Xbox 720 Release Rumors: "Durango" May Not Allow Used Games, Physical Disks

If the alleged screenshots from Microsoft’s Xbox Development Kit are to be believed, the next Xbox console (reportedly titled Durango) will not have any support for used games. Through mandatory game installs and constant internet connectivity, the new console may finally end the pre-owned software market.

The Xbox Development Kit is a software program used by developers to create games for Microsoft consoles. According to the instructions provided with Durango’s alleged kit, when a player inserts a disk (reportedly Blu-Ray) into the upcoming system, the product will be installed on and played from the internal hard drive; the inserted disk will not be used in playback.

While this may simply mean that physical disks will no longer be used repeatedly, a trend that is somewhat already present in gaming and even software such as Microsoft Office, the more troublesome element is the requirement for constant internet connection.

While the screenshots don’t clarify what purpose this connectivity curtails, it is somewhat disturbing because continuous internet connections are often a precursor to digital rights management (DRM), a term applied to a variety of techniques through which sellers control what can and cannot be done with software after purchase.

While such a measure has been unpopular amongst and troublesome for gamers, the recent SimCity debacle being an excellent example, developers and publishers embrace it as a means of combating piracy and fruitless second-hand purchases.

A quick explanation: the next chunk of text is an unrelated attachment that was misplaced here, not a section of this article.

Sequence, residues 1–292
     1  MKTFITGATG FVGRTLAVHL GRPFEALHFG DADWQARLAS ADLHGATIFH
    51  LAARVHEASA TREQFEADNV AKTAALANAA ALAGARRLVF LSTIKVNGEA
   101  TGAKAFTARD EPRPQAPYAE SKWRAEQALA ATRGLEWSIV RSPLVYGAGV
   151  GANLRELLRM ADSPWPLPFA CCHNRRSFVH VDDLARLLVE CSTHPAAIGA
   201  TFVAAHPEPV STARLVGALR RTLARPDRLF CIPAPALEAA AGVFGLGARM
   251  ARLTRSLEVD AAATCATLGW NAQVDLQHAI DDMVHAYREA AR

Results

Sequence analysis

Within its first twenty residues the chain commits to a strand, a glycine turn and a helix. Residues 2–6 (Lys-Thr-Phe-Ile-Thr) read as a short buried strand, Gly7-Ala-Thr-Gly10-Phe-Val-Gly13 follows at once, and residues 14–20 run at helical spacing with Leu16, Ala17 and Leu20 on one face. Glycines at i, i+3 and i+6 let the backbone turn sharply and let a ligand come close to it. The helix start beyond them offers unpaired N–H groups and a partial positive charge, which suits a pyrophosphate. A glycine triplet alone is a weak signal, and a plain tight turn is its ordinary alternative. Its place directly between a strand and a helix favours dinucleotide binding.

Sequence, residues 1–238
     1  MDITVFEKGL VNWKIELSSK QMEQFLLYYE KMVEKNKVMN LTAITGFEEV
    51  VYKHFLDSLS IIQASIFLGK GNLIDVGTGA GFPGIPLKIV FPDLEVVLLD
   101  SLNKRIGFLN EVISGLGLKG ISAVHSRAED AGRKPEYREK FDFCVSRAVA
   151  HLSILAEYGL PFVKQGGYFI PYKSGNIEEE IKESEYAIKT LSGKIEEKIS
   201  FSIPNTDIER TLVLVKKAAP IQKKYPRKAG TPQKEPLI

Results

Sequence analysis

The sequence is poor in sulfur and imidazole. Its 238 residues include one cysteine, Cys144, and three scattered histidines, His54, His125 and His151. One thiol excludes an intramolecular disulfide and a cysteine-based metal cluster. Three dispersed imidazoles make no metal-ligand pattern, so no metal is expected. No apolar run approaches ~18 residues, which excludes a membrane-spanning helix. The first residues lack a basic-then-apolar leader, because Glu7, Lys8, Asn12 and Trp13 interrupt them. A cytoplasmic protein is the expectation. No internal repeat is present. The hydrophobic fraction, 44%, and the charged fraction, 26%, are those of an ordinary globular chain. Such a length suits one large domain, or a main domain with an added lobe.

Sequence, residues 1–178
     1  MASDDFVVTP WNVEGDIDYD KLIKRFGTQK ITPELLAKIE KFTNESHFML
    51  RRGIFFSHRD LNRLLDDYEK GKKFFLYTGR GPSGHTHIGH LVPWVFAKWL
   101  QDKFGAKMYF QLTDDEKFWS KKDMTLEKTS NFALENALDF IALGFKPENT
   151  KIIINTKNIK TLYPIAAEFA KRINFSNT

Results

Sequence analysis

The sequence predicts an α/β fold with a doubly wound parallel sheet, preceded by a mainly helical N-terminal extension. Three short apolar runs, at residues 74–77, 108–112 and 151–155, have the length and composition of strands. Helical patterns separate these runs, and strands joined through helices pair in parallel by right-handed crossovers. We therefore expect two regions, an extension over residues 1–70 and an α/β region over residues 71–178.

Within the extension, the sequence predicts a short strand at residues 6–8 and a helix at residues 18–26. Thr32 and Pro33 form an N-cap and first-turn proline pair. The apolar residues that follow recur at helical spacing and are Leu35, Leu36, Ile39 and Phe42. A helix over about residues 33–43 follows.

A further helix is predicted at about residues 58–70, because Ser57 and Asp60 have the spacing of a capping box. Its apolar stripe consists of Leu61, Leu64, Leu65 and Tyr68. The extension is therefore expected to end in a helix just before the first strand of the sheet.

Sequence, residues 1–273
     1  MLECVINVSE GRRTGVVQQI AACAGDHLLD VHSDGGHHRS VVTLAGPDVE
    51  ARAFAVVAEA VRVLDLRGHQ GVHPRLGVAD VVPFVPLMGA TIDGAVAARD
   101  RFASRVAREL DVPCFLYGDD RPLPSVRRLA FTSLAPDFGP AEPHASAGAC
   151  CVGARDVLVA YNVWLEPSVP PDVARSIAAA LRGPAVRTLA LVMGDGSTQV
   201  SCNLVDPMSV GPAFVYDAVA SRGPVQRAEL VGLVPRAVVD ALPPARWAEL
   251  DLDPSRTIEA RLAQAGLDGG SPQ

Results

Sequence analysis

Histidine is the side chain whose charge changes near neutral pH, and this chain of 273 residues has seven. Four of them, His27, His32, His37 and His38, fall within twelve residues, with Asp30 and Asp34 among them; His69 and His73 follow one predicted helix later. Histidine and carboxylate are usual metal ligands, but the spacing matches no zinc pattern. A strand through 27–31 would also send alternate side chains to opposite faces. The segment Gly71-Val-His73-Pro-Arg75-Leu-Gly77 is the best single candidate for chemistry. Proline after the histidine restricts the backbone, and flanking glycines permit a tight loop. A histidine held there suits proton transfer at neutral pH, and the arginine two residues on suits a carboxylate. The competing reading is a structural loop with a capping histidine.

If all this is indeed the case, the limited usage for physical disks is both eco-friendly and clutter-reducing because it is perhaps the strongest way to convince gamers to just download directly from the Xbox Live Marketplace instead of buying physical copies at all.

However, what this also means is that if you bought an Xbox Durango for yourself and one for your 7-year old daughter, she can’t take your disk to her room and play Bulletstorm, Grand Theft Auto, Mortal Kombat and Splatterhouse.

Also, if this is indeed the case, there will be no more taking your disk to a friend’s house, meaning gamers will somehow become even less social than they already are. Of course, the ones to get hurt the most may be companies such as Gamestop, who have built an empire around pre-owned game sales.

Of course, perhaps downloading games isn’t entirely a bad thing. There’s sentimental value to a disk for those who feel more like they actually own something when they hold it, but downloadable deals are almost always the price-friendliest option, even when compared to used games. In fact, looking at some of the deals on Steam and Green Man Gaming makes it really easy to envy PC gamers.

Interestingly, the screenshots also confirm that the presence of strong Kinect integration, although what that offers beyond what is already available on the current system remains to be seen.

Still, nothing changes the fact that sharing games becomes a lot more difficult when downloading and DRM is, at the very least, an inconvenience. That having been said, development kit screenshots don’t equal an official launch, which Microsoft will hopefully provide soon enough.

Until then, let us all have faith in how painless and helpful Microsoft has been in its previous attempts to curtail piracy.